It’s official: NASA’s Messenger spacecraft has ended its mission to Mercury with a bang.
The spacecraft ended its four years in orbit by smashing into the tiny planet’s surface sometime around 3:30 p.m. Eastern time (9:30 a.m. Hawaii time), scientists confirmed Friday. That time and the crash’s location are a best guess, because Messenger crashed on the far side of Mercury, with no way to phone home.
“On behalf of MESSENGER, thank you all for your support,” officials tweeted from the mission’s Twitter account. “We will continue to update you on our great discoveries. We will miss it.”
Even though the spacecraft met its end alone, scientists in the mission control room at Johns Hopkins University Applied Physics Laboratory in Maryland said they mourned the passing of the spacecraft, whose observations have significantly altered our understanding of the sun-scorched little planet.
“I think everybody has mixed feelings,” Messenger’s lead scientist Sean Solomon, director of Columbia University’s Lamont-Doherty Earth Observatory, said in an interview shortly before the crash. “Everybody is proud of the many accomplishments of the Messenger mission … at the same time, there’s this impending sense of loss.”
In some ways, it was like losing a family member, said Solomon, who called the spacecraft an “almost animate object that has become very known and dear to us.”
Messenger, launched in August 2004, was the first spacecraft to ever orbit Mercury, the smallest planet in the solar system and the closest to the sun. Circling a planet so close to its home star is an engineering feat — the spacecraft needed to withstand damaging solar radiation as well as resist the sun’s powerful gravitational tug. At launch, more than half of the spacecraft’s mass was taken up by fuel.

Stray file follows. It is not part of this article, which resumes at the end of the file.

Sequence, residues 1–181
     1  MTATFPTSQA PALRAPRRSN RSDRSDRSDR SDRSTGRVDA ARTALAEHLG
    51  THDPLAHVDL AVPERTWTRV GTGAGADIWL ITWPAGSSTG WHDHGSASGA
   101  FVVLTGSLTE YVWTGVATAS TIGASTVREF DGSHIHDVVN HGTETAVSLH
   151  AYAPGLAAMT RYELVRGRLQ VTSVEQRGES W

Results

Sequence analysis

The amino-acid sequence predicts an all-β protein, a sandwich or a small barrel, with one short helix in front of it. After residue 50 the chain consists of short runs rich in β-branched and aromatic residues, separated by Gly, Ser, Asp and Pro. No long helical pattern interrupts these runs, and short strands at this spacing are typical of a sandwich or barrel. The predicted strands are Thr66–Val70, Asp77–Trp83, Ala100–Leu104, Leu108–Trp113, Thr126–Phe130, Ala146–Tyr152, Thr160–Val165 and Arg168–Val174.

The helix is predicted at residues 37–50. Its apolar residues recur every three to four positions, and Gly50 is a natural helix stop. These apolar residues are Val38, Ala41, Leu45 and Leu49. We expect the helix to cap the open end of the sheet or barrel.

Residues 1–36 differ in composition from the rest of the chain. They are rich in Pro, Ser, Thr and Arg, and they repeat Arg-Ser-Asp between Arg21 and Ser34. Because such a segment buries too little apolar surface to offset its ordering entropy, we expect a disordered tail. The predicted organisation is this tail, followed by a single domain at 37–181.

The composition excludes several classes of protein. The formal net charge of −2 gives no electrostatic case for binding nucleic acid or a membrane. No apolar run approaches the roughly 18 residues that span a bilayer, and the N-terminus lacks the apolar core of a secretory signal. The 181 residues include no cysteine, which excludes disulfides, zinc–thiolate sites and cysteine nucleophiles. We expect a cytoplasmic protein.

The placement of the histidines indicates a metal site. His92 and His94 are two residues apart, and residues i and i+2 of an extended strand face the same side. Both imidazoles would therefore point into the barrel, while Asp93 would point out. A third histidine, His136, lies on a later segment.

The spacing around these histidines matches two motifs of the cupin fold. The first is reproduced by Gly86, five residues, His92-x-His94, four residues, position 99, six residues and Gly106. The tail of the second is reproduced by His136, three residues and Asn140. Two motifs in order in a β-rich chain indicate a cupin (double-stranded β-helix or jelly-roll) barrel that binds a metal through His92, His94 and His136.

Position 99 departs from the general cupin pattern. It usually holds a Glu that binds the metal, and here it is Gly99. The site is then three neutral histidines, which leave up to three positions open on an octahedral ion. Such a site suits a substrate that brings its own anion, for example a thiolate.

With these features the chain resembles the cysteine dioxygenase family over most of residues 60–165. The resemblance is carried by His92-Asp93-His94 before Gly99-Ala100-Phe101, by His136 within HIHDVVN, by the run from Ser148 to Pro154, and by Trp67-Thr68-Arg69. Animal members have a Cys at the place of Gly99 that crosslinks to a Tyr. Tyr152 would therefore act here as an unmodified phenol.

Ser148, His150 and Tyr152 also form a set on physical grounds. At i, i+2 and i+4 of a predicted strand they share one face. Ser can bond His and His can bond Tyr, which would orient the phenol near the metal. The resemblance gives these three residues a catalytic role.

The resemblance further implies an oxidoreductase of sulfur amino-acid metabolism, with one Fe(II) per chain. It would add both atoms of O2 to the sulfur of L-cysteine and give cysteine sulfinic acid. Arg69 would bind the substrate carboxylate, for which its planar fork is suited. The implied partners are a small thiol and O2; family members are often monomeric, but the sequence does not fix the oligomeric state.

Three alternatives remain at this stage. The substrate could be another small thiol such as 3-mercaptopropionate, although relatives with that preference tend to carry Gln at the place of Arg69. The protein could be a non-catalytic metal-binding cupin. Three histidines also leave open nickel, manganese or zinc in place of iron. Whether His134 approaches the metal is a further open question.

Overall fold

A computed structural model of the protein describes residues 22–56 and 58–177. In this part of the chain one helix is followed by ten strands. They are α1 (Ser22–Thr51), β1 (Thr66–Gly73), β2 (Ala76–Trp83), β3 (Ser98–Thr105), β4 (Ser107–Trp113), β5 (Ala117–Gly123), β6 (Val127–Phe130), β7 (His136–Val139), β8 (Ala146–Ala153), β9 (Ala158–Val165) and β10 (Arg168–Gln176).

But with its fuel reserves finally exhausted, Messenger had no other options but to crash, scientists said.
The spacecraft has done stellar work, Solomon said. Among its many discoveries: that even though Mercury sits searingly close to the sun, it holds reserves of water ice and organic matter in permanently shadowed regions at its poles; that a surprising amount of light, volatile elements still remain on the planet; and that the planet has dropped a dress size or two, shrinking nearly 9 miles in diameter over the last 4 billion years or so.
“That speaks to the processes by which the building blocks of the inner planets came together to form the planets we see today,” Solomon said. “Each of the planets had an important chapter to tell us in the history (of the solar system) and the challenge is to make sense of it.”
Before Messenger’s literal deadline, the scientists worked to pull all the data that they can from the spacecraft, prioritizing certain bits over others. Messenger could only transmit so much data before disappearing behindMercury, and so a portion of lower-priority information inevitably went down with the spacecraft.
Meanwhile, mission officials have identified the patch of land that likely holds the spacecraft’s final resting place. Messenger sped toward Mercury at more than 8,700 miles per hour, carving a roughly 52-foot-wide crater into its surface.
Even in death, the spacecraft will generate more scientific data: That crater’s properties, and how its appearance changes over time, can be studied by future missions, Solomon said.
“It would be nice if the end of Messenger were actually the beginning of experiments that told us something about how the surface of Mercury got darker over time,” he added.